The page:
AV:: I hope I provoke larger interferences, sure, but all the work I do is for myself and for my freedom. I think each person has to work on themselves by themselves. I am not responsible for anyone’s freedom. I am just responsible for my own freedom. But at the same time when you make art, you have a conversation with other people. I make art for other people, not just for yourself. I think I am a huge provocateur. I love to provoke institutions and society because I do not agree with almost 99% of things.
IS: What does being an anarchist mean to you?
AV: Firstly, I think an anarchist is a person that thinks for themselves, outside of any hierarchy, rules, or norms. I try each day to know myself deeply. Anarchists don’t accept any form of government – I don’t vote for President, or for anybody. I strive to represent myself. Anarchists work with freedom, and like freedom always.
Images from Cracks in Civilized Landscapes.
IS: What the Laboratory in the Living Theater?
AV: The Laboratory is a kind of anarchist laboratory, where I invite many artists to come together and create collectively. We have artists from different mediums like music, dance, poetry, and film. We come together, choose a concept, and create a corresponding performance. Everything is about improvisation; we don’t prepare anything in advance. We interfere in each other’s mediums. For instance, if I prepare a video installation than a dancer will come and dance in response to my video, and a poet might interfere with spoken word. That’s how we have a dialogue between artist and how we integrate each other. The artlab is about fostering creative collaboration, as well as about rethinking our own works through the intervention of others. I think in society there exists a kind of mythology about the artist a kind of g-d, who works mysteriously and in solitude. With the anarchist artlab we try to break this notion by emphasizing collective creation. This is one of the things that interests me most lately, how challenging it is when you try to create things with other people, and how beautiful and intense this can be.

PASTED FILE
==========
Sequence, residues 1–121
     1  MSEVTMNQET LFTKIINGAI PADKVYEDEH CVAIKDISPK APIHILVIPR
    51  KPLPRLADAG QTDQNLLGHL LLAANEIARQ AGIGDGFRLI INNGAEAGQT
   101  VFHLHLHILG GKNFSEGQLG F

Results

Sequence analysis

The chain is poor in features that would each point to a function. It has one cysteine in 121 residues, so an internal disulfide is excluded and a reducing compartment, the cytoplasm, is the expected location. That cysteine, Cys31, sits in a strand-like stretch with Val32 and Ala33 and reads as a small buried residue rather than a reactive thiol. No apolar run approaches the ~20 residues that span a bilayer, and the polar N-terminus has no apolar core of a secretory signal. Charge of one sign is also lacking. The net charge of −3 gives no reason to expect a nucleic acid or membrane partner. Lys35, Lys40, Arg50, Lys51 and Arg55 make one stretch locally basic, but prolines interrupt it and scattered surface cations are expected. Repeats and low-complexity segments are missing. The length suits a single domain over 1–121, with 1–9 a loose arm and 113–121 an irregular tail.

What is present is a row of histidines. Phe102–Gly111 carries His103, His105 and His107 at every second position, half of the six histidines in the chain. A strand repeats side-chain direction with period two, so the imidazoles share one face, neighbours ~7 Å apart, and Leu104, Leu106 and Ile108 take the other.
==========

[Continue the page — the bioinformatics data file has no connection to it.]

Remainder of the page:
IS: Do you think that being a lesbian influenced your libertarian tendencies, or were there other pivotal events in your life that made you so mistrustful of authority?
AV: I got expelled from school when I was eight years old, I went to a religious school, and I fucked my girlfriend. I started saying sex really early on in my life. I am a really sexual person I don’t know why. I continued to get kicked out until I was a teenager. After that it was because of drugs and because I don’t accept the authority of the directors, I don’t accept the authority of the teachers. I say to them “fuck” all the time so I was expelled. I have really hard life in society because I am gay and feminist and because I question authority a lot. Once I was expelled from the eighth or ninth school they really started to think something was wrong with me. I felt alone a lot. I lived on an island for a year to try to survive and not be too crazy. I was really in trouble all my life.